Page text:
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Clin Endocrinol (Oxf). 2004 Jul;61(1):88-93.

Cord plasma concentrations of adiponectin and leptin in healthy term neonates: positive correlation with birthweight and neonatal adiposity.

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1
Department of Food Science, and Institute of Biotechnology, Yuanpei University of Science and Technology, Hsin-Chu, Taiwan.

Abstract

OBJECTIVE:

Adiponectin is negatively associated with leptin, insulin and obesity in children and adults. Whereas increases in fetal insulin and leptin are associated with increased weight and adiposity at birth, the role of adiponectin in fetal growth has not yet been determined. The aims of this study were to examine the relationships between adiponectin and insulin, leptin, weight and adiposity at birth in healthy term infants.

DESIGN AND METHODS:

Anthropometric parameters including weight, length, circumferences and skinfold thickness were measured, and plasma lipid profiles, insulin, leptin and adiponectin concentrations in cord blood samples from 226 singleton infants born at term after uncomplicated pregnancies were assayed.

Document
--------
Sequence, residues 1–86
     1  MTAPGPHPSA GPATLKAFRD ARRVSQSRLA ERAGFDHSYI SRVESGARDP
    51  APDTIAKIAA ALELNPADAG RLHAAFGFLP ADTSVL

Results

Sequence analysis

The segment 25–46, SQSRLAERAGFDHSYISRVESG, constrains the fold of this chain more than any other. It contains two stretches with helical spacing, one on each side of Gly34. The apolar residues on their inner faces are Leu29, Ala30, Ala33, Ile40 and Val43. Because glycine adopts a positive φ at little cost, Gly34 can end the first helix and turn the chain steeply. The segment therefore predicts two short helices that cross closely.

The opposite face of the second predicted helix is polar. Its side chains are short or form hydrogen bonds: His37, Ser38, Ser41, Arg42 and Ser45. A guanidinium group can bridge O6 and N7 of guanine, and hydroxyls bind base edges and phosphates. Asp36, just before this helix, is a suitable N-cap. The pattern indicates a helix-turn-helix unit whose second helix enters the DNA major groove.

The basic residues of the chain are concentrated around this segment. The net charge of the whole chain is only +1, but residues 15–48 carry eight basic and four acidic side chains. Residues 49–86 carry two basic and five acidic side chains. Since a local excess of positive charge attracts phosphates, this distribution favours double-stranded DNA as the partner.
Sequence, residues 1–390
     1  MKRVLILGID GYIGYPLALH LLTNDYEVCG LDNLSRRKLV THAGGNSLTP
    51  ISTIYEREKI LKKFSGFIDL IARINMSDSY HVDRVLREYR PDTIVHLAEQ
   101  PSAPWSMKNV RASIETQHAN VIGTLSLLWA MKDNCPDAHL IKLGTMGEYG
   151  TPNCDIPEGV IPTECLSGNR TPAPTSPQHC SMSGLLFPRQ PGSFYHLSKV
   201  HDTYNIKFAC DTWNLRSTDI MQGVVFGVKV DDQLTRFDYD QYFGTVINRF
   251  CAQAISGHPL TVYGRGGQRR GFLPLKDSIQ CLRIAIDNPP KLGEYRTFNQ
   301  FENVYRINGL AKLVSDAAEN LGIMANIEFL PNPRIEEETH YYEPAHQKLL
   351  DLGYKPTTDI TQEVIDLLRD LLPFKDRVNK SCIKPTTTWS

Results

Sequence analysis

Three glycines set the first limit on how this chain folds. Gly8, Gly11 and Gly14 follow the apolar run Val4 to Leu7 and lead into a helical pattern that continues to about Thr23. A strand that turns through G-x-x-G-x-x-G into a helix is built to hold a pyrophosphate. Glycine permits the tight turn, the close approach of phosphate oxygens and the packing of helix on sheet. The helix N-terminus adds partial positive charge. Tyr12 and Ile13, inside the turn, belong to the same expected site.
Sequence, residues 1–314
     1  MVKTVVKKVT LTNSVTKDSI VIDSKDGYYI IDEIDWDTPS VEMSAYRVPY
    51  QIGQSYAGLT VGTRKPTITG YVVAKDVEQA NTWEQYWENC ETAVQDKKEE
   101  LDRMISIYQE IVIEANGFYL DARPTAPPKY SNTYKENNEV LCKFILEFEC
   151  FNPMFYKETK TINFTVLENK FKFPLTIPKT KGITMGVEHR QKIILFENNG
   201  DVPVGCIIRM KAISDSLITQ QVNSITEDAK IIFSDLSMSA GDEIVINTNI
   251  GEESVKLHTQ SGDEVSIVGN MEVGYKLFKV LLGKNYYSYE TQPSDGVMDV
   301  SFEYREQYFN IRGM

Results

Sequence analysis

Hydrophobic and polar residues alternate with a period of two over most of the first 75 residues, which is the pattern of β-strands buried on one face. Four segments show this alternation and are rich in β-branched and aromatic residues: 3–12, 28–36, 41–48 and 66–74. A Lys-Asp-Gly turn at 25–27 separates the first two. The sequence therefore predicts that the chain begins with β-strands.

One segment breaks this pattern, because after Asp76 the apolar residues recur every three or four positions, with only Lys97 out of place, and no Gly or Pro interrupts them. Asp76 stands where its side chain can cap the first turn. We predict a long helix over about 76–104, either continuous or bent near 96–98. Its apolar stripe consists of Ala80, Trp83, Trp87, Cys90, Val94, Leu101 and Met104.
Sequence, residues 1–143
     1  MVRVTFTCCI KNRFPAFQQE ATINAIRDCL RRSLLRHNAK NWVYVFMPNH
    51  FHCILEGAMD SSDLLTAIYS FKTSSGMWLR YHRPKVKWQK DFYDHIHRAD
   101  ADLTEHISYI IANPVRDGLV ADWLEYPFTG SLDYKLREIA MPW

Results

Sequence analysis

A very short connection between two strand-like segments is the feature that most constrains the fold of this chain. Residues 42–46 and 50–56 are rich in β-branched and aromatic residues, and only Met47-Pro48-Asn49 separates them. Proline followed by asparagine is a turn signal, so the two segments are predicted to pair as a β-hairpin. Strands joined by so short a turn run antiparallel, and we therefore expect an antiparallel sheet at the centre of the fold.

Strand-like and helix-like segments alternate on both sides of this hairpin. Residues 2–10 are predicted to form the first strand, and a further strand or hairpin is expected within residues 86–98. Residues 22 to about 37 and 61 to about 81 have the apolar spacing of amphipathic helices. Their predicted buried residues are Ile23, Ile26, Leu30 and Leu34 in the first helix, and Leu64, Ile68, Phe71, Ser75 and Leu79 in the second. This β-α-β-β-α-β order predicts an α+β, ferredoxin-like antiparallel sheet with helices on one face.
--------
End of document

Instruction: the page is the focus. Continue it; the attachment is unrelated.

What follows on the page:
RESULTS:

Cord plasma adiponectin, leptin and insulin levels correlated significantly and positively with birthweight (P = 0.001, P < 0.001, P < 0.001, respectively) and the sum of skinfold thicknesses (P < 0.001, P < 0.001, P < 0.001, respectively). Mean cord plasma adiponectin and leptin levels, but not insulin level, were significantly higher in large-for-gestational-age (LGA) infants compared with appropriate-for-gestational-age (AGA) infants. Cord plasma leptin concentration, but not adiponectin concentration, was significantly higher in female infants than in male infants (P = 0.003 and P = 0.94, respectively). Cord plasma adiponectin concentration correlated positively with leptin level (P = 0.007) but not with insulin level (P = 0.78).

CONCLUSIONS:

High adiponectin levels are present in the cord blood. Cord plasma adiponectin and leptin levels are positively correlated with birthweight and adiposity. This suggests that adiponectin may be involved in regulating fetal growth.

[Indexed for MEDLINE]

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